We live in a busy world- full of constant movement, noises, and light. And while at times, there is something magical about that in its way- the power and beauty of silence are far more beautiful.

Earlier today, I turned off all devices in my home and went about my chores. For some reason, I just felt I needed that. For a moment, the silence was so crisp and so clear, that it sent goosebumps down my entire body. At that moment, I was able to think more clearly than I have in a while. This leads me to think: why don’t I do this often? It also made me think just how badly all this stimulation must be on our minds.

And science seems to agree…silence is necessary. In 2011, the World Health Organization published a report referring to noise pollution as a modern plague. In their report, they even went as far as to say, “there is overwhelming evidence that exposure to environmental noise has adverse effects on the health of the population.”

Modern technology has us constantly under fire from noise. When we are inside of our homes, we have video games, televisions, computers, tablets, Google home, music, fans, and on and on and on. Then, you walk outside to car horns, and trains, and jackhammers, and storm sirens. Upon reaching the city, you likely hear more music, bells for doors at businesses, alarms, and honestly, I am getting a headache just thinking about it.

In a study carried out in 2013, that was published in the journal Brain, Structure and Function, they used different types of noise and silence which they used on mice and then monitored how it affected them. What they found was surprising, to say the least. The mice that were exposed to two hours each day of silence, we’re able to develop new cells in their hippocampus. The hippocampus is responsible for memory, emotion, and learning.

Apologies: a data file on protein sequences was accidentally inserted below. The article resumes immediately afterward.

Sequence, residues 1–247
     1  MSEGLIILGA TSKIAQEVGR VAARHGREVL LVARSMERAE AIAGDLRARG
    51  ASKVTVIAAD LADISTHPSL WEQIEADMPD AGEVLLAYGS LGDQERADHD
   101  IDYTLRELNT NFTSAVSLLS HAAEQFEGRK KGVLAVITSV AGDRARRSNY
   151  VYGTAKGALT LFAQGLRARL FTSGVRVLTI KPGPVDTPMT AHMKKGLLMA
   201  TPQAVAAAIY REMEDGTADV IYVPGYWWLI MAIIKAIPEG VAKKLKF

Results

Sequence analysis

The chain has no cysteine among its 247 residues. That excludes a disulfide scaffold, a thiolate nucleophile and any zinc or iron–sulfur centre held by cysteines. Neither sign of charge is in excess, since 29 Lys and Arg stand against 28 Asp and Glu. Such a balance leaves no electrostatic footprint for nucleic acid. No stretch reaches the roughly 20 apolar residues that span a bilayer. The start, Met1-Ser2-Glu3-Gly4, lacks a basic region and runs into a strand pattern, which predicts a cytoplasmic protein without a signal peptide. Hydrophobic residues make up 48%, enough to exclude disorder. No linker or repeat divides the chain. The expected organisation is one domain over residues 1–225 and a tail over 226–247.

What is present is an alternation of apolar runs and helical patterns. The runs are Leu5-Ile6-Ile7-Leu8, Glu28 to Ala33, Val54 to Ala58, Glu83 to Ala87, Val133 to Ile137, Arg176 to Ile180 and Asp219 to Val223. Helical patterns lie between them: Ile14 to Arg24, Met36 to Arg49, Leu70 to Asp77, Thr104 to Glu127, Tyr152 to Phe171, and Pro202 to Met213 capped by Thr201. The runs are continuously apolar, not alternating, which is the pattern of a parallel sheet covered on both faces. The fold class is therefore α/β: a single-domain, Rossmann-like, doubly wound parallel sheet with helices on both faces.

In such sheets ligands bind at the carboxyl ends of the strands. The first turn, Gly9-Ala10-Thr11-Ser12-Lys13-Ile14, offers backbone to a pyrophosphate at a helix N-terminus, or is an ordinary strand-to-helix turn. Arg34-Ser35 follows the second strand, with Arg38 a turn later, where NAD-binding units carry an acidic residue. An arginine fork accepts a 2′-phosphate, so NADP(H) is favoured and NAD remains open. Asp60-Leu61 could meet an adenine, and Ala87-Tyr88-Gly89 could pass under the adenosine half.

And while new cells in the brain don’t always benefit us, Imke Kirste who was a researcher in the study says that these cells had functioning neurons, which does translate to better mental health.

In short- silence can repair brain damage.

And not only does silence regenerate the brain, but it also relieves stress and tension. Have you ever been so overwhelmed that your brain just couldn’t calm down, but when you went on a drive without the radio or took a quiet shower, you noticed your brain calmed back down? Well, there’s a reason for that. In an unpublished 2004 paper by environmental psychologist Dr. Craig Zimring, he suggests that higher noise levels in neonatal intensive care units led to higher blood pressure, higher hard rates, and difficulty sleeping.

Another 2006 study that was published in the journal Heart discovered two minutes of silence was more relaxing than listening to music that was “relaxing.”

I don’t know about all of you- but as an adult, I value silence more and more. And honestly, while it may sound crazy, I am far more productive in a quiet environment than I am with one that’s hustling and bustling with a loud noise. As a child, when adults sat in silence, it bugged me so bad. I would make noise just to try to replace the silence. Now, as an adult- I get why they were content in silence. And since I value my health, I may try to get more of it from now on!

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